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Letter From Klaus

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Letter From Klaus
Set in a castle in Germany

 

“Here, Father. A letter for you,” Kurt said, handing it over as he sat down at the dining room table.

“A letter? It has no stamps or postmark. Where did you get it, Kurt?”

“It was handed to me. It is from our cousin, Klaus.”

Father froze, his hand in the envelope. “Surely you are mistaken. Klaus is....”

“Awake.” Kurt said it firmly.

“Awake? How is this? What did he tell you?”

“Nothing. I did not talk to him much. I talked to Dorian. I think Dorian is his boyfriend.” Across from him, his mother began to cough, her hand groping for her glass. Just as Kurt was about to get up to push it closer, her hand found it. She took a deep swallow, her eyes on her husband's face.

“His boyfriend?” Father's voice was very stern.

Kurt shrugged. He watched his father pull out the paper and read.

“What does it say, Eric?” His mother asked. He waved a hand at her, finished reading the letter, turned it to see if there was anything on the back, and then read it again before lowering it and meeting his wife's anxious gaze.

“He says that as his father has repudiated him and named me his heir, he accepts this decision and will not contest it. He writes that it is not a heritage he wishes to have. Also that he requests from the estate all that was his, and lists a sum for which he says his lawyers have recently presented an accounting and a request for payment. Almost a half a million marks!”

Kurt nodded. “Dorian said Grandfather took all Klaus's money from the bank, and sold his cars, and took his things, even though he was only in a coma and not dead.”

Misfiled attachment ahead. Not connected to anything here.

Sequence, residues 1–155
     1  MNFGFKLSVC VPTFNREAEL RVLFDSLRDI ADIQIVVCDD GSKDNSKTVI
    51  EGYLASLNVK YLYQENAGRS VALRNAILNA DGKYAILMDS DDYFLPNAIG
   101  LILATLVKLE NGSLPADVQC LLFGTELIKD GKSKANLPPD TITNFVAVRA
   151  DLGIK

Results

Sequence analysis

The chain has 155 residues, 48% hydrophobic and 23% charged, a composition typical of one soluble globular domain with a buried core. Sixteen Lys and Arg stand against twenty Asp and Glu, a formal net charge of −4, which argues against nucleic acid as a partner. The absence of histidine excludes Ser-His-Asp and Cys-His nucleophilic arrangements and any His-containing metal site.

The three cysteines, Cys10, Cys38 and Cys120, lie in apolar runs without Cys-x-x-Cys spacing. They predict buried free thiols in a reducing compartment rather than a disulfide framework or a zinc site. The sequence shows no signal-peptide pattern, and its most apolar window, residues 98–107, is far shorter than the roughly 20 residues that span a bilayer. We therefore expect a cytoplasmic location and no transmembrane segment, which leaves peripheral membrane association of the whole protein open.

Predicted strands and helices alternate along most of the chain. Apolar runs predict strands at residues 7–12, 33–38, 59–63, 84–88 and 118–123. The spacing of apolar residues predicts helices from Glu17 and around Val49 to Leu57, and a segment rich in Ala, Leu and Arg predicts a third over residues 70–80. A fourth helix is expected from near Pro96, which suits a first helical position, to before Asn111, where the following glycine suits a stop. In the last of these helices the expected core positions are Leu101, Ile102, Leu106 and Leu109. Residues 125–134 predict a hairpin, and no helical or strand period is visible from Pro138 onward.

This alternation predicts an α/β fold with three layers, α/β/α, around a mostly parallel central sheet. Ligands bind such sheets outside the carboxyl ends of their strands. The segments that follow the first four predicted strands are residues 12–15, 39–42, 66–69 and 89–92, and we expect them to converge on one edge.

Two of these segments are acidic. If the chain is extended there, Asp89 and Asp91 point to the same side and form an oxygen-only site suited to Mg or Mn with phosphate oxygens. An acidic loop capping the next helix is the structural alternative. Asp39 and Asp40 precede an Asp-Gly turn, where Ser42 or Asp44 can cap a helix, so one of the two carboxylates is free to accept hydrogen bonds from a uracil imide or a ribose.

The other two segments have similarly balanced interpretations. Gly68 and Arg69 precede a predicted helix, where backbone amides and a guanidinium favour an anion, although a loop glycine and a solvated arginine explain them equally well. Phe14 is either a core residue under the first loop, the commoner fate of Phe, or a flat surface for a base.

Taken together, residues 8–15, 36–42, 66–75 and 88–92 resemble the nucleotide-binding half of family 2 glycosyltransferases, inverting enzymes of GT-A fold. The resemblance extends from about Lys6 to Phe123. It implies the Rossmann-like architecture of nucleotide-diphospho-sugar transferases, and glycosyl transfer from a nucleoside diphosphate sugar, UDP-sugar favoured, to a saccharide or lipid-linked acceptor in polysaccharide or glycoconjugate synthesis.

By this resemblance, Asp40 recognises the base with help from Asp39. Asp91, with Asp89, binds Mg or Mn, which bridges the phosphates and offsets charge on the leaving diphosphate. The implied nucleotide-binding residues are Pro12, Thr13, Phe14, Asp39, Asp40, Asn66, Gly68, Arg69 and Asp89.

“Oh, Gott!” His mother looked even more upset.

“That's why they were here, today. To get anything left of his things.” Kurt began on his potatoes, even though no one else was eating yet.

“Here. In the house?” his mother demanded.

“Yes, here. But don't worry, I went with him to make sure he did not take anything that was ours.” His mother now looked horrified that strangers had been in the house, that her son had been alone with them.

Father nodded, “He says here in the postscript, he will send us a list, in order that we not worry, and to prevent any other missing items to be assumed to have been taken with his belongings.”

“Dorian said there were little paintings missing,” Kurt said. Both of his parents turned their heads to state at him intently.

“I told you I thought that one by the light switch had disappeared!” his mother exclaimed.

“Yes, you did. I apologize for doubting you,” Father said stiffly. He glanced down at the letter and added,”he also states there is an abandoned well by the old creamery and the cover is rotting. He recommends we replace it before one of the children falls through. And that the old horse's teeth need floating.” He shook his head and then added, “He says he will send someone to re-ward the house!”

“But...” His mother looked confused.

“The stone is under the carpet in the room with all the animal heads,” Kurt said. “He showed it to me. It's red.”

“But how...He should not have been able to know it was there! He's not a wizard!” Father was looking angry as well worried.

“Yes he is,” Kurt said.

“No, he can't be,” his father said gently. “Your grandfather told me. His son had no magic.”

“Yes he does.” Kurt said it firmly. Then, realizing he had contradicted his father, he quickly added, “I saw it.”

“But he says he does not want the name, the estate,” his mother pointed out quickly, her eyes meeting her husband's again.

Kurt said, “He gave me cufflinks, and other things, with the initials. He used to have the same initials as I do, but now he says he has no use for them, so they are mine.” Kurt lifted up his fork again for another big bite, watching while his father picked up the letter and brought it closer to his eyes as he checked the signature.

“Klaus Eisen?” His father sighed and dropped the paper to the tablecloth.

“Iron Klaus.” Kurt repeated.

Kurt's mother said thoughtfully, “I think I understand. If he has a boyfr...a male partner, then he would still have the question of the heir to consider. If he leaves everything as it is, he doesn't have to address the issue. He approved of Kurt or he would not have given him the cufflinks. I think...we do not have to worry, Eric.”

“No. I don't have to worry. I just have to live with it!”